Adisseo partnering with Entobel to optimize insect rearing

By Jane Byrne contact

- Last updated on GMT

© GettyImages/Rawpixel
© GettyImages/Rawpixel

Related tags: black soldier fly larvae, Adisseo, Entobel, Insect, Protein

Adisseo and Entobel have agreed to collaborate on R&D work aimed at better understanding and enhancement of insect rearing; they are hoping to gain further insights into the nutritional requirements of Black Soldier Fly larvae (BSFL).

Insect meal is a promising nutritional alternative to conventional feed protein sources, and BSFL are excellent bioconverters of waste and co-products inedible for humans or for livestock, said the partners. 

Furthermore, BSFL can be reared on a wide spectrum of waste side-streams.

However, the success of insect production and derived ingredients, their wide adoption by the market, will depend on how competitive the industry becomes, the available volumes of meal and oil, and, in particular, the quality of such ingredients over time, they said.

The companies stressed the importance of producing insect derived protein and oil with good nutritional value, whatever the type and quality of the feeding substrate used. 

They are now looking to combine their respective areas of expertise to improve insect rearing, optimizing the raw materials use for rearing BSF larvae through the application of feed additives.

Adisseo is set to leverage its knowledge of animal nutrition, amino acids requirements, animal digestibility, and NIR ingredient analysis in this respect. It noted that Entobel is an ideal collaborator for this type of project given that the Singapore based insect producer and processor has two years of insect derived ingredient production to draw on.

Founded in 2013, that insect producer established its first commercial site in 2019​ in Vietnam after six years of pilot and demonstration scale R&D activities. Its products are now used in shrimp and fish feed, poultry feed, pig feed and pet food formulations globally.

Substrate composition

There have been a number of studies carried out to date that have evaluated the nutrient requirements of BSFL.

Research, published in 2019, looking at how to optimize the nutrition of BSFL​ found that substrates containing 10% protein, 2% fat and 2% minerals on a dry matter basis could result in sufficient larval growth and favorable feed conversion ratio (FCR), as long as sufficient amounts of digestible carbohydrates are present.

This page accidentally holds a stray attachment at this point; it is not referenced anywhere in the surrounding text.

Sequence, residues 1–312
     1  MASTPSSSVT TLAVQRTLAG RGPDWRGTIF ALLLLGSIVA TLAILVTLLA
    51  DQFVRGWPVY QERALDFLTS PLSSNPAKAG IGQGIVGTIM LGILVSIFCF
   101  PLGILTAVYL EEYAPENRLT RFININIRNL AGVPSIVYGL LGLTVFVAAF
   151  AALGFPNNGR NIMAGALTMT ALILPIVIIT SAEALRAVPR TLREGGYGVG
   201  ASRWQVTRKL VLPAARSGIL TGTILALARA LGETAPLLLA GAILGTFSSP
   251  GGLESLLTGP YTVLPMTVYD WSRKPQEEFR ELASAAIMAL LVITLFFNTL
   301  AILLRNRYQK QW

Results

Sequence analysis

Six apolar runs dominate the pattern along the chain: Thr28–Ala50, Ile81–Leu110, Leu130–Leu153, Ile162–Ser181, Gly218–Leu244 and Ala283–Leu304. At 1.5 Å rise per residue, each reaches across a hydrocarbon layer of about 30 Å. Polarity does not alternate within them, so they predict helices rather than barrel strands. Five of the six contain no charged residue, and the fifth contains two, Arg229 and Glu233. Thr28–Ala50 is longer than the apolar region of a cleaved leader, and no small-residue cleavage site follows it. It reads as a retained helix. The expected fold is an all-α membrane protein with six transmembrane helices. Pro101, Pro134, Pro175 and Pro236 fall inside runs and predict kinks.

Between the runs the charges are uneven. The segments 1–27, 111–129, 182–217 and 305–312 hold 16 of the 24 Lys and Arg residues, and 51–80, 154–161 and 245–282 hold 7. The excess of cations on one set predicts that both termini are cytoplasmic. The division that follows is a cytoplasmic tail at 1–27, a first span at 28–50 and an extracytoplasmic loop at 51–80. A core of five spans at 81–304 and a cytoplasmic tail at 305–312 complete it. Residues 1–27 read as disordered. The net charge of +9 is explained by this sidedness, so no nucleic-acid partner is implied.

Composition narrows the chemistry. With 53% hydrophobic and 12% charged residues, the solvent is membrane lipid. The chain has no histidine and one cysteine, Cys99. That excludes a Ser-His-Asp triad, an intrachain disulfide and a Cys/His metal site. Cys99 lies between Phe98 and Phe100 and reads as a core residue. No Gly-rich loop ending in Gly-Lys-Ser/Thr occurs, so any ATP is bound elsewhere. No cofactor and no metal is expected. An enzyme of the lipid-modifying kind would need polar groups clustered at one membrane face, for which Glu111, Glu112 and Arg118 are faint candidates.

Another study​, published by Wageningen University researchers in June 2020, found BSF larvae reared on feed substrates composed of dried brewers’ spent grains (BSG) can successfully provide protein-rich meal for feed.

The aim of the research was to assess the nutritional content of BSFL reared on BSG, supplemented with either water, brewer’s yeast, or brewer’s yeast plus cane molasses, generated by beer brewers and sugar companies in Kenya. To assess the nutritional quality for animal diets, the team analyzed the crude protein, fat, ash, and mineral contents of the BSF larvae.

Although the team found that all the substrate combinations tested would produce high-quality larvae in terms of nutrient composition, they concluded that substrates generated by sorghum and barley, and supplemented with brewer’s yeast or brewer’s yeast plus molasses, appear to be more suitable as rearing substrates and result in larvae with higher levels of crude protein and minerals.

“Our findings show that BSF larvae may be mass-produced on these substrates for animal feed, providing an alternative strategy for managing agro-industrial side streams, when the conventional uses of these substrates such as direct feeding to livestock are not sufficient.”

Related topics: R&D

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